Saturday, 2 June 2012

Digital Cinema

As discussed in Episode 141 of the popular podcast Film Podcast Film in Focus cinema and film have undergone extensive changes through its short life. From cinemas humble beginnings of silent black and white, short films. To the first feature length film (Australian film Ned Kelly) To the introduction of sound, then colour, introduction of digital film and more recently with the controversy of Peter Jacksons The Hobbit: An Unexpected Journey which has been canned for being filmed in 48 frames per second. Cinema is constantly changing and growing, and with each change there was new debate that sparks. Debate about the integrity of film, about the art and the ideas of gimmicks. When the first full length film was created, the studios thought they would lose money, that no one would sit through an hour long film. Now the standard length of a film is about two hours, films that aren't in shot in black and white and are filled with sound. That is the norm and is expected that every film would be in colour with sound. So much so, that when the black and white 2011 film The Artist was released, Plaza Cinema Croydon's competitor Village Cinema Knox had to put up flyers explaining how the film was different from their usual fair. If The Artist proved anything, it was that while people may love the norms that cinema has now, there is still some magic left in the old style of film. The cinema magic that many directors, producers are still holding on too.
Scan of actual flyer left in the Village Cinema Knox's foyer.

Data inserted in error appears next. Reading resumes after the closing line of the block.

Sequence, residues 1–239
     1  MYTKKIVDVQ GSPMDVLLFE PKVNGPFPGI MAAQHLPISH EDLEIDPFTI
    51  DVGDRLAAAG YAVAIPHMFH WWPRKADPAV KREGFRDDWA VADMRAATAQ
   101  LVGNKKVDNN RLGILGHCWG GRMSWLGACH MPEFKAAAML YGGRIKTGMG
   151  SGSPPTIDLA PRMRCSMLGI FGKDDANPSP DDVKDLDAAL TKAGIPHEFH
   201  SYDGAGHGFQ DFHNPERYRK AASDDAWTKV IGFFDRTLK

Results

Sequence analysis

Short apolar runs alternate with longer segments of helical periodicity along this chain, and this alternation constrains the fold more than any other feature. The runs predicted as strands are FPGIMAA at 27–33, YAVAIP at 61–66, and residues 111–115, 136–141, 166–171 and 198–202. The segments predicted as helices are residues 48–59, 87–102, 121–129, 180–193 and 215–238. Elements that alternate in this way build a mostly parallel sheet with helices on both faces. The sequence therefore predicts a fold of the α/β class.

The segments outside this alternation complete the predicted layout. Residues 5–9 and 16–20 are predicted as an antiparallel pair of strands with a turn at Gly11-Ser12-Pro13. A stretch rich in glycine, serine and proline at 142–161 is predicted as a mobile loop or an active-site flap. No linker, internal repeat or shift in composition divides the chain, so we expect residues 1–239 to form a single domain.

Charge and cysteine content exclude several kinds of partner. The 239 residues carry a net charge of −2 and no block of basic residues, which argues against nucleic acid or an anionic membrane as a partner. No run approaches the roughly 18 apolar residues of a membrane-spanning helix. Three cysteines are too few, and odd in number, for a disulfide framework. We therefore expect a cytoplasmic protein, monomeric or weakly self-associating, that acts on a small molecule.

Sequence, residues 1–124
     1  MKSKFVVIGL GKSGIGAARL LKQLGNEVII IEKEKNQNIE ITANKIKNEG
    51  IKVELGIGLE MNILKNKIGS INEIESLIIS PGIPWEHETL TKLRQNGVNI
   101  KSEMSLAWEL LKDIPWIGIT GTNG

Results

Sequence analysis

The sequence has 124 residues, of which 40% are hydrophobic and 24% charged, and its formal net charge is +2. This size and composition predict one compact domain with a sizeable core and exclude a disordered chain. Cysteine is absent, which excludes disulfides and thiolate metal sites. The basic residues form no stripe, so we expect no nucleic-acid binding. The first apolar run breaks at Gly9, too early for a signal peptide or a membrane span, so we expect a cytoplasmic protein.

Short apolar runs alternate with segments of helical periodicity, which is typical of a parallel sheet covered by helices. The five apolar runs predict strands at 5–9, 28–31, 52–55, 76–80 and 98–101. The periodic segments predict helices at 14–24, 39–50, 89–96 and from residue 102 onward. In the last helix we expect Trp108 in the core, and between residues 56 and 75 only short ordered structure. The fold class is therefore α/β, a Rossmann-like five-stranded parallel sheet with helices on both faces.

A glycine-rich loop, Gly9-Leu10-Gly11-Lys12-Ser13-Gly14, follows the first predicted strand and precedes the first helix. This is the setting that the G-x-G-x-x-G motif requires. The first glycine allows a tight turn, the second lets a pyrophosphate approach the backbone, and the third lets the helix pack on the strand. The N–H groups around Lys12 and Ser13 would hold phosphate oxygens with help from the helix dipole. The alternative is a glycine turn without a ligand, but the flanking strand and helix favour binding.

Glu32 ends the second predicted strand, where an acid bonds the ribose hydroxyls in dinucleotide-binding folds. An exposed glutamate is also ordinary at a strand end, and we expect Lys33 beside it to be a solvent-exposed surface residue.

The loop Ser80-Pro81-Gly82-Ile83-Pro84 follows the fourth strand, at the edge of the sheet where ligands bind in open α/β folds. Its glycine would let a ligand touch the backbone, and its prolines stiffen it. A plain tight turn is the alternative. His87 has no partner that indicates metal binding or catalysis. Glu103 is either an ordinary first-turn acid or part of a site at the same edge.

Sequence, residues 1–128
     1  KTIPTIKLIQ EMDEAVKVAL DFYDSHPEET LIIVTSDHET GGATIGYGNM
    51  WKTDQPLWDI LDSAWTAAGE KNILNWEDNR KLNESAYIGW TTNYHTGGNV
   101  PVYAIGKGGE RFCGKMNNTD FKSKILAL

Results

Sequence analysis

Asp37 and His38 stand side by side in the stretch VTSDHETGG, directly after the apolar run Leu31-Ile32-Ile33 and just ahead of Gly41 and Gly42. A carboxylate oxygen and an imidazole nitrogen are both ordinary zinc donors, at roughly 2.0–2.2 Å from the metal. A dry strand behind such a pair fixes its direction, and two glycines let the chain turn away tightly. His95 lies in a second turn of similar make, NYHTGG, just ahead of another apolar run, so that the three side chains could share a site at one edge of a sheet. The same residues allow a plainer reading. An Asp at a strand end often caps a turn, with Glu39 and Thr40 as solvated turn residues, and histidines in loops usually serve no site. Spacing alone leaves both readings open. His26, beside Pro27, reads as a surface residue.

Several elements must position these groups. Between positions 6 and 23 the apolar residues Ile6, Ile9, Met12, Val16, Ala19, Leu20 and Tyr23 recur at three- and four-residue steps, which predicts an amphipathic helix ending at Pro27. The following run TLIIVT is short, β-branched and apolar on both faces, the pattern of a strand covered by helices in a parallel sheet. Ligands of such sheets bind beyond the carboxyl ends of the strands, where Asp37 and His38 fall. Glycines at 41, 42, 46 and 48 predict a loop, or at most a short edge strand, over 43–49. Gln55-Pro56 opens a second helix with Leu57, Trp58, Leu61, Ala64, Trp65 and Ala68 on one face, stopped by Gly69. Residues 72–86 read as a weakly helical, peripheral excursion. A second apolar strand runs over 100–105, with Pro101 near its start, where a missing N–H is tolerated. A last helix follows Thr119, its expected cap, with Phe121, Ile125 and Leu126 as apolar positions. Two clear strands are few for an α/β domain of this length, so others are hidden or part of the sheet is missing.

Even the changes to cinema that people believe were beneficial to film story telling, such as the introduction of sound were considered to be a blight on the art that is cinema. Legendary Director Alfred Hitchcock had is own reservations about the introduction of sound.

“The silent pictures were the purest form of cinema; the only thing they lacked was the sound of people talking and the noises. But this slight imperfection did not warrant the major changes that sound brought in. In Many of the films now being made, there is very little cinema. They are mostly what I call ‘photographs of people talking.’ When we tell a story in cinema, we should resort to dialogue only when it’s impossible to do otherwise. I always try first to tell a story in the cinematic way, through a succession of shots and bits of film in between… To me, one of the cardinal sins for a scriptwriter, when he runs into some difficulty, is to say ‘We can cover that by a line of dialogue.’ Dialogue should simply be a sound among sounds, just something that comes out of the mouths of people whose eyes tell the story in visual terms.”

If something as fundamental as sound in a film was considered controversial then it is no wonder that Digital Cinema and Film is being the newest controversy to hit the film world, and that there are cinemas, like Plaza Cinema Croydon that are holding back from introducing this new revolution to film.

What is Digital Cinema?

As discusses in ‘The Emergence of Digital Cinema’ written by Roger Wyatt, he explains Digital Cinema to be a term with several meanings. They describe different aspects of the task of generating computer based moving images. The first meaning related to the process. The hardware and software elements that make up the material structure of a moving image production system. The second is the ideas that inform the meaning. The theory.

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